So, apparently “we” are being encouraged to use new language to describe fertility tourism or reproductive tourism. I agree that language is important—I am after all a women who loves words. And words do shape how we think. The new “encouraged” language is “Cross Border Fertility Treatment.” The thinking behind the new language (and I am only going on hearsay here) is that the term “Fertility Tourism” sounds frivolous, and in the end—I have to agree.
No one leaves their homes to get any kind of medical treatment by choice. The reason that most people leave their neighborhood and even their country to pursue medical treatment is because what they need is simply not available in their country. It could be limitations on medical technology, cost or even government restrictions on treatment that drives people to leave their home land for treatment.
The interesting thing about Cross Border Fertility treatment is that the currents of travelers go both ways in the United States. We have Americans who travel to India because they cannot afford the surrogacy fees in the United States, and to places like Israel, South America and Mexico for cheaper IVF.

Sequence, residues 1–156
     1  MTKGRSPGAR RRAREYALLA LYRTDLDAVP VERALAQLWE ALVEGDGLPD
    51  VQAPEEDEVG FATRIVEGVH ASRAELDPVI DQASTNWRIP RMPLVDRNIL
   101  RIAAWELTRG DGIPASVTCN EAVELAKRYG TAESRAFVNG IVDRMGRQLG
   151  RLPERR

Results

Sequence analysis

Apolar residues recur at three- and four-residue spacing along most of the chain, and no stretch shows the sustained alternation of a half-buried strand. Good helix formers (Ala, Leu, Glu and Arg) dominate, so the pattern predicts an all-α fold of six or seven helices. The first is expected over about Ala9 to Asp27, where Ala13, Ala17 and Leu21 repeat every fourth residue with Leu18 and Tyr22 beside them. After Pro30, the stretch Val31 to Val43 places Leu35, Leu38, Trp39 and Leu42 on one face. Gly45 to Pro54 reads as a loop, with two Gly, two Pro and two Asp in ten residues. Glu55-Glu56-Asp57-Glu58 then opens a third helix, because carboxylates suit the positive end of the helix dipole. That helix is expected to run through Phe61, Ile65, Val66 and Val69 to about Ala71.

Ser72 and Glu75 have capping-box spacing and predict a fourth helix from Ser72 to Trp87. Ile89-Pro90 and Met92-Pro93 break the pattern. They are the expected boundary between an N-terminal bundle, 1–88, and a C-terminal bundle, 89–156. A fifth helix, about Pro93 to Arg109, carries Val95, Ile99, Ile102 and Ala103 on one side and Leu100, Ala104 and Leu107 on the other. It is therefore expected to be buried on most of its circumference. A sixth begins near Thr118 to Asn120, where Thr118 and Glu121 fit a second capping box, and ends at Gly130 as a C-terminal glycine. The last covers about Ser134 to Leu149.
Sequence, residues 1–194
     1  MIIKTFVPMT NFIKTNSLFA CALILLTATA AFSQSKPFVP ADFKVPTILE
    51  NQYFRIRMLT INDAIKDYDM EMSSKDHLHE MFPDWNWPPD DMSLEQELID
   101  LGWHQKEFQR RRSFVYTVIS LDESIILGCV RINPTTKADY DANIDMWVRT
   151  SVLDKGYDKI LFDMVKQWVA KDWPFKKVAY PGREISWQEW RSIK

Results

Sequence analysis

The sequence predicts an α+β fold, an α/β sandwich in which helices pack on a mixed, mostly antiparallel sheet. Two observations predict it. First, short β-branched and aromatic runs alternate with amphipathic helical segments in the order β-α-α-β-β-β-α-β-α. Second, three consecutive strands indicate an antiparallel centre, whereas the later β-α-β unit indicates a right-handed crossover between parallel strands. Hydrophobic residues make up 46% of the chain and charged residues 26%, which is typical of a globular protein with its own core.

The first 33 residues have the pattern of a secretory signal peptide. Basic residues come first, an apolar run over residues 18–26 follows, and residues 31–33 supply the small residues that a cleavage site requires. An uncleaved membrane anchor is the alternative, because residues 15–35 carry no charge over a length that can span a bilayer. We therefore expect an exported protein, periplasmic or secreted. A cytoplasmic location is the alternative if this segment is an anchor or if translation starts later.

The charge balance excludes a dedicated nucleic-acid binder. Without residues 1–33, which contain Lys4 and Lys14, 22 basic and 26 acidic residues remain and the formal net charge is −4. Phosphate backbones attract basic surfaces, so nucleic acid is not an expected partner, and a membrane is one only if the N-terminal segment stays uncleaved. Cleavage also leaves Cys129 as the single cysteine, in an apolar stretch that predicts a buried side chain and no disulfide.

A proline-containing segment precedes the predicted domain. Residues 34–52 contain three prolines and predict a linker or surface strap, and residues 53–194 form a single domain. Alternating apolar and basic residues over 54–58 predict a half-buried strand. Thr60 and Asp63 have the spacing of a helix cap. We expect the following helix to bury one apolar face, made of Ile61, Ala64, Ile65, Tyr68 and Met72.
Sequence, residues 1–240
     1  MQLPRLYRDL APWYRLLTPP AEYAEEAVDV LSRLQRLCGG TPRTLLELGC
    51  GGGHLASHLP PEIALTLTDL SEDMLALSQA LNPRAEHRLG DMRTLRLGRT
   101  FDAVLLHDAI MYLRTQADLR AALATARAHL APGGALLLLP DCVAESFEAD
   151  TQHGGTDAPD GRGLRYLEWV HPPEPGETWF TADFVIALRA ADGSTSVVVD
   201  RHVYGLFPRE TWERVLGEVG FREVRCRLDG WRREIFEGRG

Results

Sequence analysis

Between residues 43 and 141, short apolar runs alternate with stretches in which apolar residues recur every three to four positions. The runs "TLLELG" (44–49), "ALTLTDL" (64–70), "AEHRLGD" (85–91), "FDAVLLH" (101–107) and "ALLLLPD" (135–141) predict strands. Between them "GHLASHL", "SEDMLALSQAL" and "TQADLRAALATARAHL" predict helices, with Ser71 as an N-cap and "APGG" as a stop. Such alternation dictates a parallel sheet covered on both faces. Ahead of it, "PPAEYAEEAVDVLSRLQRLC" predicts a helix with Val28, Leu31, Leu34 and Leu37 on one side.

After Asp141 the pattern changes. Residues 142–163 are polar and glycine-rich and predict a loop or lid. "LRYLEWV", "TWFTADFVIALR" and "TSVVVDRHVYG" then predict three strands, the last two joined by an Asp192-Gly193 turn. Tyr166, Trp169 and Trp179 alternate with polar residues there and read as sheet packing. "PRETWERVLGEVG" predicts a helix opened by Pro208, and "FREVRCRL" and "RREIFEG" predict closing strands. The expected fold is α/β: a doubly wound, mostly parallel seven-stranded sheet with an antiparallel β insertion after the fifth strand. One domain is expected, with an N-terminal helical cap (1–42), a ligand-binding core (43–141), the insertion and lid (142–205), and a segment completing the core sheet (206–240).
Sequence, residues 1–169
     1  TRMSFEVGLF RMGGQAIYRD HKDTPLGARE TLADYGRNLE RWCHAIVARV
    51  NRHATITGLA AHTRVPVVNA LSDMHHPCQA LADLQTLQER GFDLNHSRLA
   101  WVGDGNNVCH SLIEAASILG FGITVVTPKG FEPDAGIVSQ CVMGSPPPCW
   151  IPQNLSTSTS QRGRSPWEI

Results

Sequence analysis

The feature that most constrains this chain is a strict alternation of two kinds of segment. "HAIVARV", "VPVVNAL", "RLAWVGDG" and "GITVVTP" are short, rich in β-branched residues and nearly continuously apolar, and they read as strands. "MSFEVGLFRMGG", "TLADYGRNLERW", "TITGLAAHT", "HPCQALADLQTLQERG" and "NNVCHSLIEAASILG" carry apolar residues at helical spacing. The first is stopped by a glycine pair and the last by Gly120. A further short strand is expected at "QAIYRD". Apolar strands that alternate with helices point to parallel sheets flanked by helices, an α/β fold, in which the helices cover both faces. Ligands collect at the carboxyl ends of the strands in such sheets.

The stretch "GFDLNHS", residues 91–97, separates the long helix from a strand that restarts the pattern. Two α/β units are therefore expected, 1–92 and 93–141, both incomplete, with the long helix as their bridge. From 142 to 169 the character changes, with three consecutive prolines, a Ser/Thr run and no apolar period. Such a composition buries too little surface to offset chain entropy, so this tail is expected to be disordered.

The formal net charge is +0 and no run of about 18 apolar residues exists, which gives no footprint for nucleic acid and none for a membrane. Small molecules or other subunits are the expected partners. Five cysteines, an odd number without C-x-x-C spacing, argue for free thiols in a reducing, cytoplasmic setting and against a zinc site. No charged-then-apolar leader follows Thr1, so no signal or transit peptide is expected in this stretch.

Hopeful patients from the United Kingdom are traveling to the United States for egg (oocyte) donation because there is a three year wait list in the UK for egg donation. UK residents who need egg donation don’t want to wait three years for the possibility of starting a family—and they appreciate the level of care and screening that occurs in the United States. And patients from countries such as Spain are also traveling to the United States for procedures such as surrogacy which is outlawed in their country.
As I have said, the flow of patients know no borders. Everyone wishes that patients could receive treatment in their own country. Adding in the pressure of leaving ones job, families, traveling to a country that you don’t know and perhaps even having language difficulties can make treatments that are already stressful—more so. But the desire to have a child also knows no borders—and patients will do what they need to do to achieve their dreams of parenthood.
By Pamela Madsen for FertilityTies